In your case, what are your assets and strong points, and how can you map that against the “white space” or gaps within your organization? Or with your clients?
Build your personal brand
Part of being strategic is working on your personal brand – what you become known for, what you stand for.
It would be easy to think, “of course Tyra Banks has a brand – she had the modeling agencies creating a brand with and around her”. But that’s about the brand of the products she was modeling for. It’s not what personal brand means in this context.
Personal brand is about the strengths that give you your competitive advantage and distinctiveness relative to everyone else. It includes elements like your ethos and work ethic, your creativity and resourcefulness.
From my observation, Tyra Banks’ personal brand includes being a risk taker, a fearless innovator, highly exacting about excellence, and confident to stand up for who she is and what she wants.
An important aspect of personal branding is about making it visible to others. If you know what your brand is but no one else does, you don’t really have a brand.
In that sense, it’s impressive how Tyra Banks put herself out there, leveraged her brand and kept it on point through so many different iterations of her career, from modeling to acting to talk shows to her own cosmetics line. And she’s not done yet!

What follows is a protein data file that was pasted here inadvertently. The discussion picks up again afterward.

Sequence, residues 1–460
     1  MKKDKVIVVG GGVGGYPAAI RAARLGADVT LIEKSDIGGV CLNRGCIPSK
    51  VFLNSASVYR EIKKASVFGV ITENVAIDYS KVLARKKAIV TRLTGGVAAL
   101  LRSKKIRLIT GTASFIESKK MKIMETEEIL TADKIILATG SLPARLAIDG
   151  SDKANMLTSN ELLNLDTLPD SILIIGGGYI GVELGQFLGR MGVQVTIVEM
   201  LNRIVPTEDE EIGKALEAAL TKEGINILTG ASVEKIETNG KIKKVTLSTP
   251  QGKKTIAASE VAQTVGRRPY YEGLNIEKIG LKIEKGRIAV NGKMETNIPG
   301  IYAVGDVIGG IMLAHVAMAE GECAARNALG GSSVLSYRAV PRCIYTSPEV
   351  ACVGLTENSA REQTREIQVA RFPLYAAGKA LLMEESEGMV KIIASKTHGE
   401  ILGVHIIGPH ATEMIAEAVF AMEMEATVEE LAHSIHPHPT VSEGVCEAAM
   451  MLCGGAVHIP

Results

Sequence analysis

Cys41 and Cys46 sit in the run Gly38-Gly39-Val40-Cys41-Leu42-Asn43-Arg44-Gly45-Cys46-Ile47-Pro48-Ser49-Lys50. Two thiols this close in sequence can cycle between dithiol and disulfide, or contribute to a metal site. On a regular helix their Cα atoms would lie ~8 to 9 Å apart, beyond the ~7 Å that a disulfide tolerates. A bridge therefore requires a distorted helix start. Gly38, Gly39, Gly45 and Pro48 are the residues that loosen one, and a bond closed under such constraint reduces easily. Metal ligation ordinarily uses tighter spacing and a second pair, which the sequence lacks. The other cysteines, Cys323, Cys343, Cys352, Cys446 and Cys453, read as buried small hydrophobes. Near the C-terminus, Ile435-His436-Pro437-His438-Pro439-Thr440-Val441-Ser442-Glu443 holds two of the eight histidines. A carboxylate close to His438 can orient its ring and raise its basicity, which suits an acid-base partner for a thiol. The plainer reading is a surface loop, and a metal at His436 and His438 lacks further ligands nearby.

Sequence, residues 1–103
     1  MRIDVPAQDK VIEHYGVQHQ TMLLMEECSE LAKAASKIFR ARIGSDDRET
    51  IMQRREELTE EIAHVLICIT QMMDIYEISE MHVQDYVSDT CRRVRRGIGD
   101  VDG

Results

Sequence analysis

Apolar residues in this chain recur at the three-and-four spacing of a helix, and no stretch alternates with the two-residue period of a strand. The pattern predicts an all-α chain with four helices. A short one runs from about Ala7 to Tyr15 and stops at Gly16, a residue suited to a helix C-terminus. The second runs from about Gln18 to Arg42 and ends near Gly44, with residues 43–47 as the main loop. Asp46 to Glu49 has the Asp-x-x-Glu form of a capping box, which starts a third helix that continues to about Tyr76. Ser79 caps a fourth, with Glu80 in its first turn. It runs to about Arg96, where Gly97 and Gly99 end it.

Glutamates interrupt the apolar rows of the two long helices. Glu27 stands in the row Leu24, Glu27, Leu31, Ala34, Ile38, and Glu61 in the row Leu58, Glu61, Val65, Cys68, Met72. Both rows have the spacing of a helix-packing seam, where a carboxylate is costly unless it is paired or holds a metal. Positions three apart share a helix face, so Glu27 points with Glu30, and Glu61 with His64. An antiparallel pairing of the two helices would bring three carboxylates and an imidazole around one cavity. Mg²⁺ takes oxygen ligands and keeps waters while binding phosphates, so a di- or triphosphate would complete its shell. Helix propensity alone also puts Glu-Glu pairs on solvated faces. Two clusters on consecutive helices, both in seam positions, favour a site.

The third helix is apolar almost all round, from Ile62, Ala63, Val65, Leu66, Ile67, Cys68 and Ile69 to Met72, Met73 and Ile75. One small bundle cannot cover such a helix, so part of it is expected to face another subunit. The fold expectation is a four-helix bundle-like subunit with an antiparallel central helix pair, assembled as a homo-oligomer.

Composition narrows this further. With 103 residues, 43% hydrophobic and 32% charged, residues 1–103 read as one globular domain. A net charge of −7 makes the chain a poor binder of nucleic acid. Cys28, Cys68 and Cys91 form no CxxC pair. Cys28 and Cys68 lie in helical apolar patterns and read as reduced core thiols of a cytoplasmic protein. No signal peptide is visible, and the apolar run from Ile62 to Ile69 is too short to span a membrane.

To what extent are your key stakeholders aware of your personal brand? And how could you keep extending your personal brand to that next stage you aspire to?
Be determined yet adapt
Just like Tyra, you and I will continue to run into obstacles along the way. Tyra sums up her approach to obstacles in the following way:
“I always had it in me to fight and find a way.”
– Tyra Banks
My translation of “fight” and “find a way” is that it’s key to be determined and to adapt when the going gets tough.
Determination is about the “why”, or our purpose. Alongside determination is the ability to adapt the “what” and the “how” as the situation changes.
For example, you could be determined to become a banker, but then discover that you are better at analyzing financial institutions than putting together deals for them. You come to realize that your “why” is really about carving a career in finance, and that the “what” and “how” can shift.
In that scenario, a great adapting move could be to become a strategy consultant or research analyst focusing on banks.
What’s your bigger “why” and how does your determination (“to fight”) and ability to adapt (“and find a way”) serve it?